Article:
By Peter Udiong
The appointment of Prof. Nse Udo Essien as the third indigenous Vice Chancellor of Akwa Ibom State University marked a significant watershed in the life of the institution. After a rigorous selection process as a result of the tenure expiration of Prof. Eno Ibanga, who is now the Akwa Ibom State Commissioner for Works, Essien will, unexpectedly, be leading the university for the next five years.
The new helmsman came first among the three eminent professors to vie for the position has thus, by reason of his appointment, achieved historical immortality, joining the exclusive club of those who had the opportunity of leading the university. Indeed, it is the height of academic career to be appointed a Vice Chancellor.
But there are inherent challenges awaiting the occupant of the hot seat. This is not to scare him, but Essien himself is aware of the fact that, having been appointed to lead the orchestra, he must be ready to take in his stride, all manner of burden, headache and pressure.
The job he has accepted is a difficult task and one job that requires an extraordinary amount of courage. Perhaps, the kind of courage Essien is expected to demonstrate in his job is defined by G. K. Chesterton as strong desire to live, taking form of readiness to die. In other words, a leader who is not courageous enough to take risks will accomplish nothing. If truly, the task of the leader is to get his people from where they are to where they have not been, then, the new VC should know that from now till 2025, there is no looking back in taking the Akwa Ibom State University forward.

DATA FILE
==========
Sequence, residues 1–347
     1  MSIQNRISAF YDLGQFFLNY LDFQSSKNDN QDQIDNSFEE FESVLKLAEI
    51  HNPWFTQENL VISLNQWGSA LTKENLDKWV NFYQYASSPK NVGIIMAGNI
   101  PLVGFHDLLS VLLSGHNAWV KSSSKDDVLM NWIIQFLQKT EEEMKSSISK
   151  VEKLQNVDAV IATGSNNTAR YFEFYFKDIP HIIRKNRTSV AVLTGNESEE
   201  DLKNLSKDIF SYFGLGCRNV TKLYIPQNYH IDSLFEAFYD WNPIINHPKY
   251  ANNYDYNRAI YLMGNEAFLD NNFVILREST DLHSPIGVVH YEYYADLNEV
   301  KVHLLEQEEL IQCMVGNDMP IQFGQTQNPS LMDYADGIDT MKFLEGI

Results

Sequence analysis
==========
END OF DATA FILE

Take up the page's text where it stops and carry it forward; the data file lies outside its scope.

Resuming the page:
However, one of the major challenges he will be facing is paucity of funds. Essien is coming at a time regarded by many as tough as a result of the pandemic ravaging various nations of the world. He may have a lot to do with money but the resources are not just there. Economic indications from the Federal Government clearly show that Nigeria is in dire straits. Prices of crude oil which the nation’s economic mainstay have crashed considerably. Many states are unable to pay salaries just as budgetary allocations to different government’s agencies and parastatals cannot be guaranteed.
Yet, before now, there had been general outcry about poor funding of education in the country by successive administration! Apparently, Essien has to permanently put on his thinking cap with respect to raising additional funds to augment whatever will be coming from the government.